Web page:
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review 2017-01-19 01:31
Forty Rules of Love by Elif Shafak
The Forty Rules of Love - Elif Shafak

Elif Shafak is one of the critically acclaimed writers with an exuberant style of writing of the modern era. Her style of writing is simple yet poignant and so very understandable for the humblest of minds. I myself am a personal fan of such a writing style…which reaches out to the masses without being heavily laden with wisdom and experiences.

The biggest feature of this novel is that each and every word of this beautifully written book is a quotation, worthy of sharing to the world.

It was one of those reads that took me a long time to finish but God it was the best one I have read. The beauty is in the alternating stories, both written in different times, but sprawling the generations like a timeless fable. This book will make you love life and God again. Its writing is impeccable, the writing style is easy to follow yet very allegorical. It points out the marathon of life we all are in and how we need to make time for the beauty of things to settle in before we move on to the next one. It talks about how the love of God can bring two people from different parts of the world together. It talks about the power of God. It is so much more than all I have written in this short book review. The complete attraction point of this book is the simplicity yet profoundness of its description of God in a modern world where religion is taken out of context everyday. Must read! If its not on your reading list yet, make it ASAP a part of your Reading Challenge 2017.

Love.

Source: writebeforeyouspeak.wordpress.com/2016/12/30/forty-rules-of-love-elif-shafak-book-review-rumi-shams-bastard-of-istanbul
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review 2015-10-19 06:03
The Forty Rules of Love by Elif Shafak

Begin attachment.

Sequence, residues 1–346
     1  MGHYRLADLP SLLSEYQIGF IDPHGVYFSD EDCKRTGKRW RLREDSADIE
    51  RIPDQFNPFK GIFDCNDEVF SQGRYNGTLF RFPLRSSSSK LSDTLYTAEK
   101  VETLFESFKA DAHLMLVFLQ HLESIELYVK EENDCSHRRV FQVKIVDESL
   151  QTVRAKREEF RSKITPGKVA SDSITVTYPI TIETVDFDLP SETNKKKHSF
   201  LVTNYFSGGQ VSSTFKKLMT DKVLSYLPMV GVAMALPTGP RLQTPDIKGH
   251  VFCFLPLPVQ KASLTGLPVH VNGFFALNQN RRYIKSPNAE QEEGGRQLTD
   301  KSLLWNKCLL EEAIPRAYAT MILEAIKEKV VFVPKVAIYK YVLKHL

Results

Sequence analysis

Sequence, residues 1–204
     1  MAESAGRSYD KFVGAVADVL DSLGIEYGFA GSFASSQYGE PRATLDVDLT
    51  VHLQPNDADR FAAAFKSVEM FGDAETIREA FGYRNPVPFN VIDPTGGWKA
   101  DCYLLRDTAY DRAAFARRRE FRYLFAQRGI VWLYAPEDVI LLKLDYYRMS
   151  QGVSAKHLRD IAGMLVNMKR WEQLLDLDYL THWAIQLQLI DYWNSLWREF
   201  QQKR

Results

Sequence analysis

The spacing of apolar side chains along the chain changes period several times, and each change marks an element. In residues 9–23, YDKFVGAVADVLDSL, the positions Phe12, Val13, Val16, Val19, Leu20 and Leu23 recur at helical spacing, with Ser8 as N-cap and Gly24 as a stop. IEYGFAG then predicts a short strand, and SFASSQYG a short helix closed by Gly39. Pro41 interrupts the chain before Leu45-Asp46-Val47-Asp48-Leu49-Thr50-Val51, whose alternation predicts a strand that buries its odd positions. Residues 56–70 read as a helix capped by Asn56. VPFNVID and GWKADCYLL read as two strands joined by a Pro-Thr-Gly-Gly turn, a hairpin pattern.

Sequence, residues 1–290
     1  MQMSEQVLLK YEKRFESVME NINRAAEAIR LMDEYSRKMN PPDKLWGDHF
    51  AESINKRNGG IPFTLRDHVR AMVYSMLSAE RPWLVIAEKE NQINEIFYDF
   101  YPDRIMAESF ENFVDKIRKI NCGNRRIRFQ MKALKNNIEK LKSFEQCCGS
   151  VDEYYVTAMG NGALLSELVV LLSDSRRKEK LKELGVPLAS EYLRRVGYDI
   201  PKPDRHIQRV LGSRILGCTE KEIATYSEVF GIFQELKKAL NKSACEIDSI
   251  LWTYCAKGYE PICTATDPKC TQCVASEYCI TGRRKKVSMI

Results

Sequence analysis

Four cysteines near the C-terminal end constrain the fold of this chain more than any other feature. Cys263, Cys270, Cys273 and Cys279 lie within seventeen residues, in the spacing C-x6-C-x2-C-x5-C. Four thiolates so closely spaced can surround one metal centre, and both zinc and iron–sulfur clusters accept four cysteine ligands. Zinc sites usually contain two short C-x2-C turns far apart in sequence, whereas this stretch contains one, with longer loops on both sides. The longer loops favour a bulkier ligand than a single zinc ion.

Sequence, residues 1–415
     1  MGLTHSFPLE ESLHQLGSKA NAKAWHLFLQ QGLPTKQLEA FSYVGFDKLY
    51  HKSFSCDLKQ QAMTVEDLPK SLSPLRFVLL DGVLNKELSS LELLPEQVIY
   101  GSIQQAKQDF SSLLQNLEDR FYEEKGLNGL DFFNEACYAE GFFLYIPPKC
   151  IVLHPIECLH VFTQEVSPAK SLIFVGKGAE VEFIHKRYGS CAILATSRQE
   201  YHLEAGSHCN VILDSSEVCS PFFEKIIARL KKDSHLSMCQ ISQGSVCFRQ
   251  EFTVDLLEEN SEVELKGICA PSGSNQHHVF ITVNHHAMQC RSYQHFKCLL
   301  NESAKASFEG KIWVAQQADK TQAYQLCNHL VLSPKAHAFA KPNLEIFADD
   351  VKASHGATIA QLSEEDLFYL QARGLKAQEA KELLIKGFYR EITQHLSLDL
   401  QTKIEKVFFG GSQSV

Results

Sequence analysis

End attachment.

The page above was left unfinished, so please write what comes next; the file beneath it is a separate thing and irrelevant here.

The Forty Rules of Love - Elif Shafak
Forty Rules of Love by Elif Shafak was not one of those books which i would have picked up myself if not for the book club read, but now i am glad to have read this. I thought the title gave up everything about the book but i was wrong, in my opinion I would say it was not Forty rules of love but Forty rules of LIFE! 
 
I loved the way how those two parallel stories - Ella’s journey of self discovery and the story of Rumi and Shams of Tabriz was interweaved. Although at times the pace was becoming slow, these parallel stories kept the whole book interesting. 
 
Ella, a homemaker, at the age of forty is fed up of her current monotonous lifestyle. She is not only disturbed by her husbands infidelity but also is unable to cope up with her children, at this time she takes up a job as a reader for a literary agent and starts reading 'Sweet Blasphemy', a novel about Rumi and Shams of Tabriz and the forty rules of love written by Aziz Zahara. As she reads, she gets herself involved with the book and also gets enchanted by the author’s writing and ideology, this curiosity leads her to know more about Aziz so she starts communicating with him and that turns her life upside down. On the whole I couldn’t connect with Ella’s character as i could’t agree with decision she took in he end. That was a bit disappointing for me.
About the other story of Rumi and Shams that was both fascinating and tragic, those Forty rules of love by Shams were just wonderful to read, but very tough to execute, of course. 
 
Below are the two rules worth mentioning that i loved. 
 
Rule 37.“God is a meticulous dock maker. So precise is His order that everything on earth happens in its own time. Neither a minute late nor a minute early. And for everyone without exception, the clock works accurately. For each there is a time to love and a time to die.”
 

 

Rule 39.“While the part change, the whole always remains the same. For every thief who departs this world, a new one is born. And every descent person who passes away is replaced by a new one. In this way not only does nothing remain the same but also nothing ever really changes. For every Sufi who dies, another is born somewhere.”
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text 2015-09-04 20:20
Summer Reading
The Architect's Apprentice - Elif Shafak
Pochlaniacz - Bonda Katarzyna
Pain, Parties, Work: Sylvia Plath in New York, Summer 1953 - Elizabeth Winder

Before yesterday I wrote about September books. Today I want to step back: what about your summer books? There is a reason why I talk about it now: I am so fed up with all this articles and magazines saying that summer reading should be light. No, no, no and no! We work a lot, we are always on the run. Busy, busy, busy. Light reading is for that time. For the time when we are to tired to read anything long and complicated. For the time, when we fall asleep after reading just half page and we don't remember what we've read the next morning. That is the time for light reading.  

 

Summer is the time for all these huge books that are to heave to carry with you to work, that are to long and you wouldn't have finished it for months because of lack of time. For all these books that are long, complicated and/or challenging. Summer is when you HAVE TIME for all that.